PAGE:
According to pestworld.org, Africanized honey bees have been known to chase people for more than a quarter mile once they get excited and aggressive. This is why they earned the nickname “killer bee.”
In its recent Dynamex decision, the California Supreme has introduced its own Killer B into California wage and hour law. This new Killer B could make plaintiffs’ lawyers excited and aggressive, chasing down businesses that use independent contractors and filing lawsuits alleging they are really employees. Those lawsuits could really sting!
Today we look at two questions: What is the new Killer Part B, and what do businesses need to know about it?
What’s the Issue?
Several states now use ABC Tests to determine whether a worker is an employee or independent contractor, at least under certain state laws. California joined the party with its 4/30/18 Supreme Court decision (Dynamex), adopting an ABC Test to determine who is an employee under most of California’s wage and hour laws.
Part B of the new California test can be difficult to meet. To be a true independent contractor, the worker must be performing work that is outside the hiring party’s “usual course of business.” We’ll call this a Strict ABC Test.
Some states have a more forgiving version of an ABC Test, allowing Part B to be satisfied if the worker performs the services either outside the usual scope of business or off of the hiring party’s premises. New Jersey, Illinois, and Connecticut use the more forgiving test. We’ll call that version the Standard ABC Test.
What’s the Concern with Part B in California’s New Test?
Part B can be hard to meet. Lots of workers who are otherwise independent contractors will be considered employees because of Part B — especially under a California-style Strict ABC Test. If the type of services being provided are within the hiring party’s “usual course of business,” the worker must be treated as an employee under California’s wage orders.
Although this Strict ABC Test is new to California employers, it’s not new to multi-state employers. Massachusetts has been using a Strict ABC Test for its wage and hour laws since 2004, when it passed the Massachusetts Independent Contractor Law. In 2008, the Massachusetts Attorney General’s Office issued an advisory memo on its interpretation of the law, especially Part B.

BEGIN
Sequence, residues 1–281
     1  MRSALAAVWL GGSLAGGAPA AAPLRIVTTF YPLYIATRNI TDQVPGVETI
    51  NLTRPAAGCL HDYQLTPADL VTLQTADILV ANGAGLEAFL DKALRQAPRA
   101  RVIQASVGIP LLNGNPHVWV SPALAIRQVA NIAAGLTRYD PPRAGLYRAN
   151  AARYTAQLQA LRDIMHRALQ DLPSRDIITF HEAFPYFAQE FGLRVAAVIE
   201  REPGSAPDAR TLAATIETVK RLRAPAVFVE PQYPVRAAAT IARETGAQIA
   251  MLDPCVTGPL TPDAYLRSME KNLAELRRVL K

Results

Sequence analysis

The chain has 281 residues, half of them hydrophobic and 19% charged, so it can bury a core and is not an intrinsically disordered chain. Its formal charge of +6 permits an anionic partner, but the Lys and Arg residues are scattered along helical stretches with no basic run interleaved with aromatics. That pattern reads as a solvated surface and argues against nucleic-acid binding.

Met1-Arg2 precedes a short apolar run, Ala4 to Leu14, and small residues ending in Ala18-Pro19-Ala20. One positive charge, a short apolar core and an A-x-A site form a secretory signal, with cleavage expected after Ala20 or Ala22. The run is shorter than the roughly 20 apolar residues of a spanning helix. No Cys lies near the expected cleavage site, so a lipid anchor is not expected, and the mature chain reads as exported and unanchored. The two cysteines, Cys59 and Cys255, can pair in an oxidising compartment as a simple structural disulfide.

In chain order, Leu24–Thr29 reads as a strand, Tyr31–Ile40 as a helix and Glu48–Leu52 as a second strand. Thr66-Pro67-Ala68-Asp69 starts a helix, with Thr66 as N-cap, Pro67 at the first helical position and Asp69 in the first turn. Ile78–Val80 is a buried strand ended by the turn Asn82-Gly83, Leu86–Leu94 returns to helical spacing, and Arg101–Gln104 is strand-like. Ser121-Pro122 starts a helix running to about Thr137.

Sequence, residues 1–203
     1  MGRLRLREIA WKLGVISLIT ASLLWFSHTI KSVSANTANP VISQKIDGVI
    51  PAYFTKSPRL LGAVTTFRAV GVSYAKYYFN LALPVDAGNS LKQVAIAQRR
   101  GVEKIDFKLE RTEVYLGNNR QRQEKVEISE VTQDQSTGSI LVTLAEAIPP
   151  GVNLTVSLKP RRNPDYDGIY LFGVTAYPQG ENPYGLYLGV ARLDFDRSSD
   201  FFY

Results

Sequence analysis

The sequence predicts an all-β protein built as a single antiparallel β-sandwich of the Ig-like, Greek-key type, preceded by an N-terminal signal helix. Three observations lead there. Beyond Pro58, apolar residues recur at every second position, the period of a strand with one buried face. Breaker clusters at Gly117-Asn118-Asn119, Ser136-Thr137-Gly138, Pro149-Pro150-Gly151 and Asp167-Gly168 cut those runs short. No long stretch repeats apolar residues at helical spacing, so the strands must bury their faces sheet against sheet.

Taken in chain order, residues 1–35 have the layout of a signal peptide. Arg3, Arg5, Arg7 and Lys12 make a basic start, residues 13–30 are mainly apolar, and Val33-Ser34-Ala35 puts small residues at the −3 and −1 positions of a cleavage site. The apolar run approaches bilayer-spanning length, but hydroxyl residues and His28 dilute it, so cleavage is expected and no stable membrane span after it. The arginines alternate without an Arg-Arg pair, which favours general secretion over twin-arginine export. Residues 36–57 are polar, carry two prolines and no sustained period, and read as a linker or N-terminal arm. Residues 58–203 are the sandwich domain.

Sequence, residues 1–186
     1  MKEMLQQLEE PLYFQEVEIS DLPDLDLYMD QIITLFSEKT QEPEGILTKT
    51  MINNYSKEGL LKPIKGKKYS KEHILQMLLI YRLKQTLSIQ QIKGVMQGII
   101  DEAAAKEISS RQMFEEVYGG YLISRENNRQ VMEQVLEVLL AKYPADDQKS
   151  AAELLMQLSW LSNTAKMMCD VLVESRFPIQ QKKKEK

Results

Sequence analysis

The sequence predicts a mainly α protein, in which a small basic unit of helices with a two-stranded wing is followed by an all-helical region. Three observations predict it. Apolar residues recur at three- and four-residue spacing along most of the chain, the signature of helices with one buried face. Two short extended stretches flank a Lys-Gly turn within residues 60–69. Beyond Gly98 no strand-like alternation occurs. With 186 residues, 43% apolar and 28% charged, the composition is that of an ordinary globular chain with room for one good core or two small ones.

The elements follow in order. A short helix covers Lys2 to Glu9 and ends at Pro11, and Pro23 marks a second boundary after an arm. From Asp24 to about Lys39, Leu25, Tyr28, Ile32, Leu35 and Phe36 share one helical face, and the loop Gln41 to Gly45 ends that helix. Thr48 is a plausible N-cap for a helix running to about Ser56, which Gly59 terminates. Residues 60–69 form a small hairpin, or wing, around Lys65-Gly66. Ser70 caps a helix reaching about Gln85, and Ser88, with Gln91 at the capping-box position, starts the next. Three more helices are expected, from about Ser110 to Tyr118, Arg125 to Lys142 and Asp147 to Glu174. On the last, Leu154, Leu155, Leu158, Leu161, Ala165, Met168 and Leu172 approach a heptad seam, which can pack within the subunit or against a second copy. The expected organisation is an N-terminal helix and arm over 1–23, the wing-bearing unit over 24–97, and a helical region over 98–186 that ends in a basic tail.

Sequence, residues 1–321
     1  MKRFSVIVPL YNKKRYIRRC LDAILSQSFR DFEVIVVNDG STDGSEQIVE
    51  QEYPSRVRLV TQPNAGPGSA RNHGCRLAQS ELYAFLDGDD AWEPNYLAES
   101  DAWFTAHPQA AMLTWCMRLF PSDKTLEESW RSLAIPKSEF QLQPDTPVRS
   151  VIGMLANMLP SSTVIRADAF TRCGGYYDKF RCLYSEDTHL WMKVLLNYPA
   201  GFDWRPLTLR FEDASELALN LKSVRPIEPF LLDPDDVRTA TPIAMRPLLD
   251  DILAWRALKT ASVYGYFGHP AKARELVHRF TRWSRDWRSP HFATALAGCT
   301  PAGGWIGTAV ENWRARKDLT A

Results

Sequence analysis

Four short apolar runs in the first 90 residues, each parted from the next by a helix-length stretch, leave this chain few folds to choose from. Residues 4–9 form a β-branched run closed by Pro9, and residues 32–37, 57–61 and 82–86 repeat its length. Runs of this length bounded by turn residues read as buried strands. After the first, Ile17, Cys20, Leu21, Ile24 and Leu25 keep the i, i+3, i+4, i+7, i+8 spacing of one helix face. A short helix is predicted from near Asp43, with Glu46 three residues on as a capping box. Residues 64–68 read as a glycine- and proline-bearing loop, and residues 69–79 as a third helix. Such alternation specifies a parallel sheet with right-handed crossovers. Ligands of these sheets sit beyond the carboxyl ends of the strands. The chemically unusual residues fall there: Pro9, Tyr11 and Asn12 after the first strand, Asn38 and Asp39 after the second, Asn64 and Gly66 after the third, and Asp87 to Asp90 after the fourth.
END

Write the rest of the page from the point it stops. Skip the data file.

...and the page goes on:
What Can We Learn From Massachusetts?
The key to success under Part B is establishing that the contractor’s services are outside of the “usual course” of your business. That means the contractor does something that your business doesn’t do.
Companies should consider taking steps to define more precisely its “usual business,” and then memorialize that in multiple ways — internally, externally (website: About Us page?), and contractually in agreements with independent contractors. Keep in mind the importance of differentiating between the scope of what your business does and the scope of what the independent contractor will be doing. If you want to satisfy Part B, these things should be different.
You may need to define the scope of your services more narrowly. For example, if your business sells appliances but retains independent contractors to install them, you might take steps to define the scope of your business as “selling appliances but not installing them.” Consider adding language to your contracts, website, and other documents to make this distinction clear.
This is just one of many strategies that businesses in California and Massachusetts should be prepared to implement. Being proactive is the key to avoiding claims of independent contractor misclassification. Evaluate and modify your independent contractor relationships and contracts now, not after you have been sued.
© 2018 Todd Lebowitz, posted on WhoIsMyEmployee.com, Exploring Issues of Independent Contractor Misclassification and Joint Employment. All rights reserved.